Last week I was listening to a webinar on coming into your feminine power. One of the facilitators posed a question to the listeners that really caught my attention and I want to share it with you.
Think back to a time when you were just a child or adolescent, to a time when some person or event lit a spark in you and at that moment your dream of what you wanted to do with your life was ignited. Let yourself remember what you felt like at that moment, at that age when everything and anything seemed possible and the world was filled with the excitement of discovery.
Got it? Good. Now, ask yourself what you would tell that young child now about the reality of making that dream come true from your current age and perspective. Would you applaud him or her because you are living proof of that dream fulfilled, or would you crush their spirit with the cold, harsh reality of "the real world?"
Life Coach Cheryl Richardson tells the story of how she took a picture of herself as a little girl, with her arms flung out and her mouth opened wide in joy, and placed it on her desk where she could see it every day. Whenever she beat herself up with negative self-talk or discouragement, she would remind herself: "I would never speak to that little girl like that." That's such a powerful image. So why would we do that to ourselves now as adults? Are we no longer as worthy as that little child?
That little child is still alive and well inside us. That moment of pure joy and excitement about our dreams for the future are still there and accessible to us. All we have to do is close our eyes, remember that moment, and step into that feeling. I know, I know, you're telling yourself that it's not that easy, that I don't know all that you've gone through and what your life has been like. No, I don't know what your life has been like, but I know what your life could be like now. Try it. Close your eyes and go there, just for a few minutes.
My moment came when I was 12 years old and a wise and wonderful teacher gave me a copy of the Poems of Edna St. Vincent Millay and told me to read a poem called, "Renascence," written when the poet herself was just a teenager. She saw something in me that told her my dream was already planted ... it just needed some nurturing. From the moment I turned over the last page of this epic poem, I was hooked: I wanted to be a writer. Fast forward 50 plus years. At the age of 63 I am finally a writer. After many stops and starts, a few successes and plenty of rejections, I have finally given myself the permission to be a writer, in my heart as well as on the page (or the screen as it were here in the 21st century). How sad that I had to keep that little girl waiting for so long to fulfill her dream when what I am doing now is filling my life with such joy, just like the picture of Cheryl's young self.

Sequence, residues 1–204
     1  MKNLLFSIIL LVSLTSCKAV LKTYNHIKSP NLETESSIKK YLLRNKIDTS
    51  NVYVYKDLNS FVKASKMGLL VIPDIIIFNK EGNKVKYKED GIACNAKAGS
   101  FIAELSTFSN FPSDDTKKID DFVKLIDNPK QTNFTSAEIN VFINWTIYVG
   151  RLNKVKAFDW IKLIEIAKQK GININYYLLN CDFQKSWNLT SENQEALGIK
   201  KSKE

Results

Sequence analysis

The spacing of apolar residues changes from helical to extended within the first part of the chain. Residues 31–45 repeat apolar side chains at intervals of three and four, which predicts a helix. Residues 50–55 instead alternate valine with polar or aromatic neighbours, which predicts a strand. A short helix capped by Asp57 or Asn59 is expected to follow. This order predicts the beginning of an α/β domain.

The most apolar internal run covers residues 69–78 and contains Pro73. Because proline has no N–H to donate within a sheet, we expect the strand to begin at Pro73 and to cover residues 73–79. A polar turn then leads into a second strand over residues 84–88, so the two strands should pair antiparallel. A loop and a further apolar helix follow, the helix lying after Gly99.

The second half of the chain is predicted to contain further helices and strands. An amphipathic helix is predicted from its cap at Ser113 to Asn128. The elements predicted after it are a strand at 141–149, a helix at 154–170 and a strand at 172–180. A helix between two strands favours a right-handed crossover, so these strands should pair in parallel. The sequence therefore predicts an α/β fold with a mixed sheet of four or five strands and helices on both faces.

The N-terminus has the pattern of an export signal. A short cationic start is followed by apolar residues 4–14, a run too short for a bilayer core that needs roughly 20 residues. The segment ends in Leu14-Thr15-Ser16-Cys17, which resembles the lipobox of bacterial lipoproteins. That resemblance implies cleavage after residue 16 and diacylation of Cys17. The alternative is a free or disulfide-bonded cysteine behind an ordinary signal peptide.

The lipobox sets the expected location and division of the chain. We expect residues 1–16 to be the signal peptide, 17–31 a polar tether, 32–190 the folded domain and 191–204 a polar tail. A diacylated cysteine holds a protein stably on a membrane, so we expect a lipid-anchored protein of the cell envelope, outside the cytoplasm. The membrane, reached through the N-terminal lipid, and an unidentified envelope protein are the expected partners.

So the question I would like to pose to you is this: what do you have to tell that child now? Are you going to tell him/her how proud you are of them for daring to dream and support them in their quest? Or are you going to tell them why it will never come true? You can be a Dream Champion for that little child by picking up that challenge and jumping on your trusty steed called courage. Support that child with love, encouragement and faith in yourself, and when you stray off the path, just put yourself back in that moment. It will re-fuel you and remind you that you are never too old to dream.
And so it is.